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Family Engagement and Consumer Education

Parents are their children’s most important teachers and advocates. Child care programs can serve as trusted sources of information for parents on child development and community supports and services. The Child Care and Development Block Grant Act of 2014 stipulates that States should be encouraged to provide consumer information to “promote involvement by parents and family members in the development of their children in child care settings.” The following resources provide information about the requirements of the new law and strategies for effectively informing and involving child care consumers.

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This brief is focused on describing enrollment size, ages served, and the extent to which center hours of operations vary by age group served.

This brief summarizes data gathered by the National Survey of Early Care and Education (NSECE) examining early care and education (ECE) centers that participate in Head Start and...

This brief summarizes the experience, educational attainment, weekly work hours, and wages that characterize the ECE workforce and identifies questions for state ECE leaders to consider in relation to...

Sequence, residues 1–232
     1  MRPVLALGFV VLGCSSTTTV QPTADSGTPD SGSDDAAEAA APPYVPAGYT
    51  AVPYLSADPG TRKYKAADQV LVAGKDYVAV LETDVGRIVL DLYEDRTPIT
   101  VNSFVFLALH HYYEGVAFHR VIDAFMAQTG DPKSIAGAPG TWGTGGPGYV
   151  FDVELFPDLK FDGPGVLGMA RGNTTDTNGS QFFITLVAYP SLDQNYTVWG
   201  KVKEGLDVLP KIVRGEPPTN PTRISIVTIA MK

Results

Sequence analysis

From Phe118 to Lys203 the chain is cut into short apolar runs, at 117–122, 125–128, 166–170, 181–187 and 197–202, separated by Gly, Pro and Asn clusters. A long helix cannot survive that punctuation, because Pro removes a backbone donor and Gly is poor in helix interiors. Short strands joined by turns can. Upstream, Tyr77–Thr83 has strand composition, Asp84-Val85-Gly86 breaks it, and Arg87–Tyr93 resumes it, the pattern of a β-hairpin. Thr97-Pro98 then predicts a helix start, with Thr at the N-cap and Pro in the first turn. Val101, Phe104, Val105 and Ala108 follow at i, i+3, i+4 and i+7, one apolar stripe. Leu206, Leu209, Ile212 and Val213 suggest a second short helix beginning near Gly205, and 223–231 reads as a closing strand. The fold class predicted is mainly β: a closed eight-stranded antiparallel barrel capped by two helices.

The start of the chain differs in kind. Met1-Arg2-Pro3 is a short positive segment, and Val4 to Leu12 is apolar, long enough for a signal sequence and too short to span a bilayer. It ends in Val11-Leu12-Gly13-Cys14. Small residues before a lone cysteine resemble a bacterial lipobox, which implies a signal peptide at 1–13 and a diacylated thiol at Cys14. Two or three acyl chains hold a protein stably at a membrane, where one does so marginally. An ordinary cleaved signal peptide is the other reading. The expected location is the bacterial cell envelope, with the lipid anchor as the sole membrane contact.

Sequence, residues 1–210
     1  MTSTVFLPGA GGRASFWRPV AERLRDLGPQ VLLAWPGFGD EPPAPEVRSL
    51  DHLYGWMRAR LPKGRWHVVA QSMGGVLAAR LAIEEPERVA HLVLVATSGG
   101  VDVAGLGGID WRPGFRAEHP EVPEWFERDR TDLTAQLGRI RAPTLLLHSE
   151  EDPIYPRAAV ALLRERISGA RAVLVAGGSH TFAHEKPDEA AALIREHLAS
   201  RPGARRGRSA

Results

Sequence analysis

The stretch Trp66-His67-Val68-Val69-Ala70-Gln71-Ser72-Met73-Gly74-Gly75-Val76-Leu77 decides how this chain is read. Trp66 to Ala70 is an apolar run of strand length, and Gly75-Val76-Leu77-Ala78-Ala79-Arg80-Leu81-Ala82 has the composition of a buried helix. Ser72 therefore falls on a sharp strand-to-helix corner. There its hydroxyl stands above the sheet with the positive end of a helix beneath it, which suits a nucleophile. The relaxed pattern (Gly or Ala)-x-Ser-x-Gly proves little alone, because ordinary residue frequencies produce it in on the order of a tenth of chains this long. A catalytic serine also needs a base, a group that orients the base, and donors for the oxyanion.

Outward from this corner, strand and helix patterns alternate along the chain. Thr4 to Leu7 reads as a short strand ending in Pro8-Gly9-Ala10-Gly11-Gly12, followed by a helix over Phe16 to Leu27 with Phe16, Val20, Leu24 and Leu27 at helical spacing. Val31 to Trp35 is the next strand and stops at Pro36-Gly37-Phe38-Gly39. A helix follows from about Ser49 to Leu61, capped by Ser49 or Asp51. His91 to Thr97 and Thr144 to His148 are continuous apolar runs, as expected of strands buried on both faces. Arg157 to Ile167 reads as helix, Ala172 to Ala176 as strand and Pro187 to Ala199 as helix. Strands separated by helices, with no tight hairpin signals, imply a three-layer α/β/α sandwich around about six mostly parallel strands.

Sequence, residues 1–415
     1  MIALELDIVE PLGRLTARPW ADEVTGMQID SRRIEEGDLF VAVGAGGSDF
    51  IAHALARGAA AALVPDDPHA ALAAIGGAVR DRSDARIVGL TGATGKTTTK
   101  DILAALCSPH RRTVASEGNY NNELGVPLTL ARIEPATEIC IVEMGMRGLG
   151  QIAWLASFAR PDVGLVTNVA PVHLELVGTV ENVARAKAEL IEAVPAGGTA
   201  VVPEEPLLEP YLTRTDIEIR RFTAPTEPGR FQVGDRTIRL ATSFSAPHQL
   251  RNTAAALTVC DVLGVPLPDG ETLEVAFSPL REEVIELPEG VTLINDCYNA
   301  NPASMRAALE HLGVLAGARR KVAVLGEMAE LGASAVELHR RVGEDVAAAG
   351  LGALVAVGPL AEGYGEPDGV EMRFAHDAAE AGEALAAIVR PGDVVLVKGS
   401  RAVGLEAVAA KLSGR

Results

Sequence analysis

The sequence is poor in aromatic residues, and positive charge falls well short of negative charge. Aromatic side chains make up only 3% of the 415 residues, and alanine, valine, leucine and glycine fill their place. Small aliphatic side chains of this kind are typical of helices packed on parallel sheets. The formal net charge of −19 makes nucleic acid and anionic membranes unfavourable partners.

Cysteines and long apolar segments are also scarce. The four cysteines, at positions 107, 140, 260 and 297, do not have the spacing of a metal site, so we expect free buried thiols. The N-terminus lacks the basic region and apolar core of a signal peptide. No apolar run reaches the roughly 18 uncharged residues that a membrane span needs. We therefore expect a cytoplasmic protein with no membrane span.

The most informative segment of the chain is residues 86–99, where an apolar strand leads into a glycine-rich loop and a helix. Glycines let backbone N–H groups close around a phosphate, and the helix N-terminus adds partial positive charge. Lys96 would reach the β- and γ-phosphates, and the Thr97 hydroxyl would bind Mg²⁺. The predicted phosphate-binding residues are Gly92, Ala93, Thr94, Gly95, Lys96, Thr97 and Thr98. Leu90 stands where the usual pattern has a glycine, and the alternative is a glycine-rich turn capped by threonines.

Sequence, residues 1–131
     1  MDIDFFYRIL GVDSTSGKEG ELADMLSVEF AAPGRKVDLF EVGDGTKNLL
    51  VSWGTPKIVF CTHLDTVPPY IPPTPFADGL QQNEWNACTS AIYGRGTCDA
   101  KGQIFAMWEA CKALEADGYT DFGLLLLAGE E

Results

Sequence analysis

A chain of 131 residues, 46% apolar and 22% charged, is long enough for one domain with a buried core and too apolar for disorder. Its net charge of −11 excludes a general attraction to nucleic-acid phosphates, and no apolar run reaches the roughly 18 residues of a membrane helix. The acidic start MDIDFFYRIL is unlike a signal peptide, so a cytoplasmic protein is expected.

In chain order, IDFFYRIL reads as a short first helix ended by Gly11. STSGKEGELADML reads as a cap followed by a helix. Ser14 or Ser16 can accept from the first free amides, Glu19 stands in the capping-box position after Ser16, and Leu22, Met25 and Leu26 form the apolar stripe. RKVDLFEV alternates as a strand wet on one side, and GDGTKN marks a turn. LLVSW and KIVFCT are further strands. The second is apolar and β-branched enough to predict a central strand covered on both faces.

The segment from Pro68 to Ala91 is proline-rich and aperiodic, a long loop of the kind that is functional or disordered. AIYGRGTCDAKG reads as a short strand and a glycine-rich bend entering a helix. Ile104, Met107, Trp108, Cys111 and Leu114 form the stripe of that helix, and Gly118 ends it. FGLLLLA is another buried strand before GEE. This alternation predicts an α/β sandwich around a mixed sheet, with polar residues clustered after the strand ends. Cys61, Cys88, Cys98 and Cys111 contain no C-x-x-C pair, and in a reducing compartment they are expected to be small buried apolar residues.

Child development describes the process of children accruing the ability to do increasingly difficult or complex activities as they grow older. Child development is separated into five categories: cognitive, language, motor, sensory, and social and emotional. Parents and other adults, such as...

On October 5, 2016 the National Center on Afterschool and Summer Enrichment and the National Center on Early Childhood Quality Assurance came together to offer an interactive webinar session to help better understand the needs of States, Territories, and Tribes around supporting school-

This brief describes the choices families make when selecting school-age care, and provides research on how families make these decisions. It is the second brief in a three-part series on school-age quality.

Examples and promising practices that support high-quality summer learning programs

This issue brief focuses on how to support families in choosing quality care and understanding a QRIS. Innovative state examples describe various ways to inform parents about what to look for when searching for child care, including guidebooks, checklists, videos, and public awareness campaigns...